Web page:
Yesterday, March 16 marked one year since Nazanin Zaghari-Ratcliffe release from Iran. On the one year anniversary of Nazanin Zaghari-Ratcliffe release, a British-Iranian woman who was detained in Iran in 2016, has called for sanctions against 10 Iranian officials on the first anniversary of her release from prison.
Nazanin Zaghari-Ratcliffe release
Nazanin Zaghari-Ratcliffe and her legal advisers marked the first anniversary of her release from an Iranian jail by urging Britain to sanction 10 Iranian officials they say are responsible for a resurgence in state hostage-taking of foreign nationals.
Why was Nazanin Zaghari-Ratcliffe held in Iran?
Zaghari-Ratcliffe was arrested in Iran in 2016 while on a visit to see her parents in Tehran. She was separated from her daughter Gabriella, who was a toddler at the time, and subjected to vigorous interrogation by authorities. The UK-Iranian was later sentenced to five years in prison for allegedly plotting to overthrow the regime, a charge she has always denied.
What has Nazanin Zaghari-Ratcliffe done since her release?
Since her release from prison in March 2022, Zaghari-Ratcliffe has been working tirelessly to campaign for the release of other dual national and political prisoners detained in Iran. She and her husband Richard have been trying to balance a normal life with their daughter Gabriella, while also advocating for policy changes in the UK to prevent other families from going through similar ordeals. In September, Zaghari-Ratcliffe filmed herself cutting her hair in solidarity with protesters in Iran after the death of Mahsa Amini.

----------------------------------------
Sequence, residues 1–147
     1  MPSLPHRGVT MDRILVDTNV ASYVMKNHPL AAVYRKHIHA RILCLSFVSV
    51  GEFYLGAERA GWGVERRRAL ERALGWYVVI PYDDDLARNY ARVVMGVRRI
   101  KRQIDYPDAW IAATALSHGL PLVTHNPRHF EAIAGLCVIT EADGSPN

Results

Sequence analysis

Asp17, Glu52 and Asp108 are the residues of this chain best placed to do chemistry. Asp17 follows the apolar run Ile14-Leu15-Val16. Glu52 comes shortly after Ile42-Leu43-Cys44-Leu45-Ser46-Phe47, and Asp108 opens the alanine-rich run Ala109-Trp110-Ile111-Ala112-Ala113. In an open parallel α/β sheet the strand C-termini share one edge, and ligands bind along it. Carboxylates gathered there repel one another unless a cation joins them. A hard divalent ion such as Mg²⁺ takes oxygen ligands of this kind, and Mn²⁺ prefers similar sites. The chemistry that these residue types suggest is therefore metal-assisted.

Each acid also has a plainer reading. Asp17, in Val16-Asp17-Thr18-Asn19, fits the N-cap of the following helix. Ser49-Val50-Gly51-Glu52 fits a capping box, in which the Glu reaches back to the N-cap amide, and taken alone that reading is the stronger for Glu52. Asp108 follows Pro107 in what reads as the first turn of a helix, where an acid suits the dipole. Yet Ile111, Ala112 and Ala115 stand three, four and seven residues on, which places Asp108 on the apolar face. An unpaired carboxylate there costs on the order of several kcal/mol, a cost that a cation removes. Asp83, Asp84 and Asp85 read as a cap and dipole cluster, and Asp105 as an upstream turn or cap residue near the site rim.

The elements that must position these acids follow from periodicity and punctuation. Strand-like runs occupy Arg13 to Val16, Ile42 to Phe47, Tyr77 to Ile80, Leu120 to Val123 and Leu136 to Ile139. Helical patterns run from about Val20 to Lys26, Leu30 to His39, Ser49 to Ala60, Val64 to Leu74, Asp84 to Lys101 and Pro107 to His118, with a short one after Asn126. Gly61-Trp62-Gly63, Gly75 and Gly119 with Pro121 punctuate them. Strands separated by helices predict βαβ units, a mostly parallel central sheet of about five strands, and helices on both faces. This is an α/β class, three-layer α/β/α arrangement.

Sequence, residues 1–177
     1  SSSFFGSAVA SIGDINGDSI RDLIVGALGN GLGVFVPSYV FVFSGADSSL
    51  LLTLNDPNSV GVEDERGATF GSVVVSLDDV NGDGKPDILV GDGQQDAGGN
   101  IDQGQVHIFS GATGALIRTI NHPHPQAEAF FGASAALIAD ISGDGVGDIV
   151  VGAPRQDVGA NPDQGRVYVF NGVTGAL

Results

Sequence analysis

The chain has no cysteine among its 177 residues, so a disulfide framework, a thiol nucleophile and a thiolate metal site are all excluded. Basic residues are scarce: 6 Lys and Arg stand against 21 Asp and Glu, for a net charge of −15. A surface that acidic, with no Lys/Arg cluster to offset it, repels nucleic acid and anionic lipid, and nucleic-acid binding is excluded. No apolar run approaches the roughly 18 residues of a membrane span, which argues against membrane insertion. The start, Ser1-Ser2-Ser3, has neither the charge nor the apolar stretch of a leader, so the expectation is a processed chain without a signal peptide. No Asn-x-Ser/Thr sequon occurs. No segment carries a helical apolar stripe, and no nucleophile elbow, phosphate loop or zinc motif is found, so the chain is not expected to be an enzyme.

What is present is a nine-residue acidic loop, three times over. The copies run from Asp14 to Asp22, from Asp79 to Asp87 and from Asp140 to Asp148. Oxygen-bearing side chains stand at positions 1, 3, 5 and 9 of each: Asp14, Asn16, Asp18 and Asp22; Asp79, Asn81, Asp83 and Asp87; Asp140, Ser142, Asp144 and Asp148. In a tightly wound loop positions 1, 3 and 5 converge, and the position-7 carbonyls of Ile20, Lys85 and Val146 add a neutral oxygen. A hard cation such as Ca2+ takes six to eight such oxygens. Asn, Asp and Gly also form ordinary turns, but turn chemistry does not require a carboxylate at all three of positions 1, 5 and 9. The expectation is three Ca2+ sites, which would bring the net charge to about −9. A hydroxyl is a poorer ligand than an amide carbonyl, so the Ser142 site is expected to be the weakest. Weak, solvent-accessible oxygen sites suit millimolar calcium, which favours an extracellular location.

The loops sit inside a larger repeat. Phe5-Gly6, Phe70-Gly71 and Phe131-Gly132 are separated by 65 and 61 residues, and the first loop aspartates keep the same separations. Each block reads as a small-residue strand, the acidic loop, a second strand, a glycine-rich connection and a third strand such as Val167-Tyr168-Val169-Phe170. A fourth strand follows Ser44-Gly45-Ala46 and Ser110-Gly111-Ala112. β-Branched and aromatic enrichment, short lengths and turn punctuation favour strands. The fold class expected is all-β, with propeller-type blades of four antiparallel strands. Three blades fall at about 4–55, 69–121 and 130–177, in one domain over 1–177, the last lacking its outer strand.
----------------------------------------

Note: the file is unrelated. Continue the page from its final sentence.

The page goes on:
British-Iranians Morad Tahbaz and Mehran Raoof are known to still be held in Iranian jails, while another dual citizen Ali Reza Akbari was executed earlier this year. At least three dual nationals have recently had a death sentence confirmed, and it is estimated that 40 dual nationals have been arrested since a wave of street protests in Iran started last September.
Zaghari-Ratcliffe’s legal advisers at Redress have submitted the names of 10 Iranian officials they believe should be subject to human rights sanctions over state hostage-taking, according to The Guardian. The couple is also calling on the UK government to appoint a special envoy for hostages to handle such crises in the future.
However, Foreign Office minister David Rutley has stated that the UK does not believe a state can be a hostage-taker and instead uses the term “arbitrary detention for diplomatic leverage”. This statement has disappointed Zaghari-Ratcliffe and her family, who feel that more needs to be done to hold those responsible accountable.
Zaghari-Ratcliffe’s husband, Richard Ratcliffe, accused the UK government of being less interested in sanctions for cases such as theirs since his wife’s release. He is worried that the UK’s soft approach will only encourage more state hostage-taking by Iran.
Zaghari-Ratcliffe’s case has garnered international attention, with many countries and organizations calling for her release. While her release was a positive development, the fact that other dual nationals remain detained or have been executed shows that there is still much work to be done to improve the human rights situation in Iran.
The Ratcliffe family continues to campaign for the release of Morad Tahbaz and Mehran Raoof and for greater accountability for those responsible for state hostage-taking. They hope that by raising awareness and advocating for policy changes, they can prevent other families from experiencing the same trauma they have gone through.
Image Credit: BBC